I highly doubt we would be near the top of any punk or metal “purist’s” playlist. The majority of folks I find myself talking to at our shows enjoy listening to the Ramones as much as they do Black Sabbath. Really, that’s us, our band, our friends, and hopefully our fan base.
RRX: You all have played in monster venues and festivals, and you’ll be playing in smaller spots like the show coming up here. What do you guys see as the benefits and drawbacks of big stages vs. little stages. Is one preferable? And which type of venue, real-world or dream-world, do you all think is the perfect vehicle for your sound?
DB: Larger stages tend to have better monitors and sound systems. Smaller stages force the band to be closer to each other. It’s kind of cool to feed off of each other’s energy.
Personally, I like to be able to move around on stage. Give me a big stage and a crowd that is hearing us for the 1st time, and for me, that is exciting. That being said, I am “most” comfortable in a well air conditioned, smaller club with a cool stage and rockin lights. The old QE2 setup (downtown Albany) with its stage, cage, sound, lights, artwork and eclectic clientele was what dreams are made of. Simply put; it was the coolest hang out.
RRX: You have Justin Birk on sax in your latest line-up. You don’t expect to hear sax in anything metal or jazz. What do you all see it as bringing to the sound your putting out there? And are there other instruments you’d like to see brought in to the blend?
DB: Loving the current lineup with Justin on sax. [He is] a sax player with a solid background knowledge of classic punk and metal. Why didn’t we think of this sooner? There is a time and place for everything I suppose.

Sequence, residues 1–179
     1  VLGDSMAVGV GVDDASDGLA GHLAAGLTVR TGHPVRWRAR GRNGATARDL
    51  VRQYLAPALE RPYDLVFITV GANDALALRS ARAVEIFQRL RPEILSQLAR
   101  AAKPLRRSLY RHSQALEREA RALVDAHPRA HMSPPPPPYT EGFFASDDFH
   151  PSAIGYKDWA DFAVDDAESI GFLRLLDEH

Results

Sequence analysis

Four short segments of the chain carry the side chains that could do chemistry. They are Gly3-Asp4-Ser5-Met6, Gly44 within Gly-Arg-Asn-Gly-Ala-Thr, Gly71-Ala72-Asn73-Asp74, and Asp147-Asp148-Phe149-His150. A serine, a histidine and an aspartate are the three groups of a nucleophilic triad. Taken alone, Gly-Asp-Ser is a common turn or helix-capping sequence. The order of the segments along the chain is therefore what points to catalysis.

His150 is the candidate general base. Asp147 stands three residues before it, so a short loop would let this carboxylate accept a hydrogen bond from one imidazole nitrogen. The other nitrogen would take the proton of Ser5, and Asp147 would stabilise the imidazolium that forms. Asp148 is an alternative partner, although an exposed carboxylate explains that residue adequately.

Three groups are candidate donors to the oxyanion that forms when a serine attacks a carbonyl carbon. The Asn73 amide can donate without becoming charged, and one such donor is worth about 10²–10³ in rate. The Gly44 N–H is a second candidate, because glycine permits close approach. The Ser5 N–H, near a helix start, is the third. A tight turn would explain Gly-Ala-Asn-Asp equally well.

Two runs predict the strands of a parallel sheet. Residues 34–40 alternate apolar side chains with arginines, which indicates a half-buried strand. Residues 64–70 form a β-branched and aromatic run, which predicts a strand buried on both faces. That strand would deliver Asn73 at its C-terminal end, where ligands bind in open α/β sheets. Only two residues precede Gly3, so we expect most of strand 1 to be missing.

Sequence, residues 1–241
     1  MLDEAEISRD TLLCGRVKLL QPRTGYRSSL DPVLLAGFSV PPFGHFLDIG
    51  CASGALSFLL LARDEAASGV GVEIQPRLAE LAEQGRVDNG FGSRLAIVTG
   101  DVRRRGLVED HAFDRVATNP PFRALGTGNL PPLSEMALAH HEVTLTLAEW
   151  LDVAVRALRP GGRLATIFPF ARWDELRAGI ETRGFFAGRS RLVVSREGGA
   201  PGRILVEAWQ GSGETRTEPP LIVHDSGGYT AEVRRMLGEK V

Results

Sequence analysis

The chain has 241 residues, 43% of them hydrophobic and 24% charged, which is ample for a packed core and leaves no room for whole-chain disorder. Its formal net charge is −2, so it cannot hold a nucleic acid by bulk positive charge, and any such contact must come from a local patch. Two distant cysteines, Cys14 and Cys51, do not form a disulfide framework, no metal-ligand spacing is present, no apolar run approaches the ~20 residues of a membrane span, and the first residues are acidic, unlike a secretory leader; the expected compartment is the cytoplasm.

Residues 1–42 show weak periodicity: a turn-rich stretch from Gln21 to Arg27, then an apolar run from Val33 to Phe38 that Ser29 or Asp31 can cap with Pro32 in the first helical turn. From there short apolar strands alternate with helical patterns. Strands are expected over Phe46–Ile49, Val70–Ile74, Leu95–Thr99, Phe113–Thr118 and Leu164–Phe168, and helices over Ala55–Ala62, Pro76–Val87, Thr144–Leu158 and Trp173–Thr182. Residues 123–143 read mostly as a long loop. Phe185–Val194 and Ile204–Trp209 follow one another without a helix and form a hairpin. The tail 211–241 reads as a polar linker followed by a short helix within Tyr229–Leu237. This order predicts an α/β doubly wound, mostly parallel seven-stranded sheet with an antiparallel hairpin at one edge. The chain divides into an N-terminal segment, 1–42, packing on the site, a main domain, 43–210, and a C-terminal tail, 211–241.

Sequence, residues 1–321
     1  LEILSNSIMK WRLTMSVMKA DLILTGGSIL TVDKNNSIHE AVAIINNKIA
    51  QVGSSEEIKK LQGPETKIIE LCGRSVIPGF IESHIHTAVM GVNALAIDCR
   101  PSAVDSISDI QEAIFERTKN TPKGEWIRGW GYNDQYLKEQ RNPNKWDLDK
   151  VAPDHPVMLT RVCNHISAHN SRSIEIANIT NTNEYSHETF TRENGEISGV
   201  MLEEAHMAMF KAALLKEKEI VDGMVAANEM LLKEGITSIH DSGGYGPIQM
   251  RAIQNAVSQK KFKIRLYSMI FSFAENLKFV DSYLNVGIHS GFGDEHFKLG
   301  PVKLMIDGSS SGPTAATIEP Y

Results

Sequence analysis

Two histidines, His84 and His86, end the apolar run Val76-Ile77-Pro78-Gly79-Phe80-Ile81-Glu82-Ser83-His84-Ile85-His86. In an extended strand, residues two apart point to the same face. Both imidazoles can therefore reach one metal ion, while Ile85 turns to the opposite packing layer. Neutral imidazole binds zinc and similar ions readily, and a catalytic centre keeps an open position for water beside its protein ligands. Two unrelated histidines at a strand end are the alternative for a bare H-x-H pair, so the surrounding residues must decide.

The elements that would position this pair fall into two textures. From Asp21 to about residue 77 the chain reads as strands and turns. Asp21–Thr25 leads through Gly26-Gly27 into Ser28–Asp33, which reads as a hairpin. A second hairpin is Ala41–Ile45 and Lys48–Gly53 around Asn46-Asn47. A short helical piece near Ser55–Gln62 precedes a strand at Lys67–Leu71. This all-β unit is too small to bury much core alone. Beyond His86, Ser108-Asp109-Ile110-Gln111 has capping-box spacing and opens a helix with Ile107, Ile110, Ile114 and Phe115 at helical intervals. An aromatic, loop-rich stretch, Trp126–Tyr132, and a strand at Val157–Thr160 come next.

When putting our latest album together in my head I could hear horns on a handful of songs. Did I know it would work on everything? Nope, I did not hear that coming. It’s good to be surprised.
As soon as we started working everything out it was obvious to all of us that this was the direction we would be headed in. Playing together felt right and sounded fantastic. Justin’s playing really solidifies the new sound of DeBris. The five of us make up the band, but when it comes down to recording, we will always be soundscapably adventurous.
Gimme piano, gimme cello, trumpet, xylophone, fiddle and endless imagination.
RRX: On your Facebook page, in About, it says that you guys are “greaser punk meets classic metal in a rocky horror hypothesis…” I like that. It’s very visual. If you can, can you take a song, or a favorite album, and tell us what it is, and give us a visual description of the world you all put into that song or album?
DB: I will gladly elaborate on the song Up in Smoke, off of our latest album. It is a song of reincarnation and immortality. You can draw parallel lines between the life of Christ as it is most often perceived and the mythical lives of the phoenix. Musically it was important to be open and comfortable in the verses.
I wanted the vocal to feel like it was landing on a hotel collection soft standard pillow. It tightens up and gets more resounding in the chorus and closes with a fury of chaotic drum fills before landing on the pillow once again for the finale.